“Now I know what you felt like after Lend Me a Tenor. I have so much extra time and I don’t even know what to do with myself!”
Finally, an athlete and I can relate on post-season blues.
This past month, I’ve been experiencing extra curricular activities on the sidelines, since I have yet to start spending countless hours in Balch again. Though I realize the period of Hodgdon dinners and collapsing in my dorm at ungodly hours of the night is on the brink, I’ve been able to cheer other people on in their respective interests, from swimming to Blackout to the LIFT Outreach Program. Tufts never lets your life become mundane in any regard, but in comparison to my hectic fall semester, the change of pace has warranted more listening than sharing. I don’t have crazy rehearsal stories to tell or get overly excited about blocking a complicated scene. Instead, I’ve been living vicariously through my friends’ own Tufts experiences that are radically different than mine.
My roommate is surprised that I’m asleep before midnight some days. People invite me to more events because they know I can’t use “I have rehearsal” as an excuse, which is a definitely a loss of identity. It feels like I’m discovering new sides of Tufts everyday. For instance, tonight I have the excellent opportunity to hear Andrea Gibson speak in association with our LGBTQ community. I participated in and attended a Hillel event that a friend had an integral part in organizing. This weekend, I have a ticket to the Vagina Monologues and I bought the ticket with the knowledge I would actually have zero conflicts in regards to theatre.
My Tufts story has been dominated by theatre and the performing arts in general. During my tours, I mention “if Balch had beds, I’d probably sleep here more often than in my own room.” I have dedicated so much to theatre, since seventh grade, and to finally have a moment to delve into my peers interests and explore more exotic parts of the Tufts community has been extremely rewarding. When you’re so passionate about something, whether it is theatre, music, politics, even computer science, people tend to box themselves in. By no means did I feel confined last semester, but I did feel like I had to make sacrifices to be in theatre. I was willing and happy to do that, but I’m very glad that I get to make up for it now and understand other facets of Tufts. College is about creating an intellectually diverse environment and realizing not only how expansive the world is, but also your own mind. While theatre will always be my primary focus, it’s been nice to divert that focus to find new characteristics of college. This method of education is largely why I chose a liberal arts university over a conservatory program. Not that conservatory programs don’t offer unique experiences themselves, but I wanted to discover ideas and theologies outside of theatre and my performance art life.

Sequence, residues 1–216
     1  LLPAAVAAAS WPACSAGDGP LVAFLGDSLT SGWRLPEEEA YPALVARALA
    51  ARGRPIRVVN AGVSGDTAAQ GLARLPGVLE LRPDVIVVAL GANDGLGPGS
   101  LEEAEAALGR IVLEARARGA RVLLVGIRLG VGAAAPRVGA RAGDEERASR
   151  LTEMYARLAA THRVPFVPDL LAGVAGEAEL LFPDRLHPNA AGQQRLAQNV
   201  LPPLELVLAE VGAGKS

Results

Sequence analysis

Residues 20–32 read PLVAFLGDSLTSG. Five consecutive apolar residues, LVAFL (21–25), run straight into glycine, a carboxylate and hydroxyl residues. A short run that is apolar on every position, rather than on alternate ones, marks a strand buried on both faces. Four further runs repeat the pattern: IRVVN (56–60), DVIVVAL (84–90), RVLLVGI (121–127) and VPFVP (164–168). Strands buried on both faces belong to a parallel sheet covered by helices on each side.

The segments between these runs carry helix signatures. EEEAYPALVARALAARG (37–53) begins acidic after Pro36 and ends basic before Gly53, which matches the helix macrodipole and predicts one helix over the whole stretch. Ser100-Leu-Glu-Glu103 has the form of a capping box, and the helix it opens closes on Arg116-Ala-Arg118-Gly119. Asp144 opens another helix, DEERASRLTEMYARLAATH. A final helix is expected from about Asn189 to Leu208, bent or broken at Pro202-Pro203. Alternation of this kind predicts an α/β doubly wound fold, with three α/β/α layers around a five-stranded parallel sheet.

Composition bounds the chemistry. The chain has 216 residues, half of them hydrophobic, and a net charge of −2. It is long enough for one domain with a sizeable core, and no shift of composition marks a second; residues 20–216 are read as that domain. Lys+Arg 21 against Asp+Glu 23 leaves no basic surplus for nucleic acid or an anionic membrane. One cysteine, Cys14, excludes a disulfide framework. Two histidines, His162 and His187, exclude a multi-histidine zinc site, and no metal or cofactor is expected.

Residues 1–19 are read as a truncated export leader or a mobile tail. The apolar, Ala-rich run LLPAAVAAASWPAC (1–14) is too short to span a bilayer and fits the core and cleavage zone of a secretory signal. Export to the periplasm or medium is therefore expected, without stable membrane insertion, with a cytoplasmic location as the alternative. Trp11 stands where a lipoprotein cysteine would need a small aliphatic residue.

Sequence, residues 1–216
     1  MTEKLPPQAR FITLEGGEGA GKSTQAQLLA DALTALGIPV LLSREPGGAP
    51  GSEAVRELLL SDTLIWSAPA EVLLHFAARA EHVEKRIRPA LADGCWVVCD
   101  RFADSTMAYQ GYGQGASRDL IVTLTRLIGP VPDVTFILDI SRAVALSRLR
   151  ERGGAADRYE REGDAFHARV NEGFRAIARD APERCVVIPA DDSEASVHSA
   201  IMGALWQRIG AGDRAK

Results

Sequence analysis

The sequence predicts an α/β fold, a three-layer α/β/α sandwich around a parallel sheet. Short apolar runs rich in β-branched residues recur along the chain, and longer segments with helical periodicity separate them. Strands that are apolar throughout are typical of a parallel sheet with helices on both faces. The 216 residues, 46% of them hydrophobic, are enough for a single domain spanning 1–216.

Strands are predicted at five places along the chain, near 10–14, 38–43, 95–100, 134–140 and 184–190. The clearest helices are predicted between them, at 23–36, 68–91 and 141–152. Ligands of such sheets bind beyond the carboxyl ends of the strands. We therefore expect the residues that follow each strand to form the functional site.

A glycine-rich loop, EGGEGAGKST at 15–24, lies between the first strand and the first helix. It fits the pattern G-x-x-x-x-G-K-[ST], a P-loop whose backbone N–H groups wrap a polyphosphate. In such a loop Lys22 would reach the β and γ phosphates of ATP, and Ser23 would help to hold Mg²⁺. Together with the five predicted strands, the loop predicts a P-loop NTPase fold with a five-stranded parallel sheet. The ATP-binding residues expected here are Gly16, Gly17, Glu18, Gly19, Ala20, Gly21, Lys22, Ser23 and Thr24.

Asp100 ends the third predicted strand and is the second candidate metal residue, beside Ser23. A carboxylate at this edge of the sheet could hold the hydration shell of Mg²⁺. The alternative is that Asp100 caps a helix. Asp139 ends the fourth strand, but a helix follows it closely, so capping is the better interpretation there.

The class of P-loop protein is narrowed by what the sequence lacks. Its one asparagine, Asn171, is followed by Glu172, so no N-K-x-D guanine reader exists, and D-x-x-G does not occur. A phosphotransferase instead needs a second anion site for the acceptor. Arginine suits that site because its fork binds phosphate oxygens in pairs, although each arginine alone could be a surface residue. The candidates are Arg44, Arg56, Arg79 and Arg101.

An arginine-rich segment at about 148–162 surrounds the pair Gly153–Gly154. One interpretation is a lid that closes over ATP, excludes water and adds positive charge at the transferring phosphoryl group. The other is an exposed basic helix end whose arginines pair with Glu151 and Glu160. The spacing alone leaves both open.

Sometimes, I have to put things into perspective. I’m a student, not only the arts but also of the world. I’m not a one-dimensional human being, so why should I limit my education to fit a one-dimensional mindset?
While this break from theatre has been eye opening and I’ve been trying to utilize my time to the fullest, I am anxious to dive back into the endlessly long nights and twelve-hour tech days. It’s a balancing act, accommodating both my theatrical passion and my newfound interests.
Plus this break has allowed me to get other important things in my life done, from looking for summer internships to the amazing diagnosis from my optometrist that I don’t blink correctly. Somewhere between writing endless cover letters and staring at internship applications, my eyesight has given way.
So, while I adjust to my new spectacles and continue to fret about my imminent future, I’m using my post-season to the fullest extent and awaiting the reestablishment of my Tufts theatre life. Also religiously following the #SochiProblems thread on Twitter has become an unhealthy obsession. For instance, this particular find of the Russian Police Choir singing Daft Punk’s “Get Lucky” during the opening ceremony.
As evidence of this post, free time is clearly a foreign concept to me.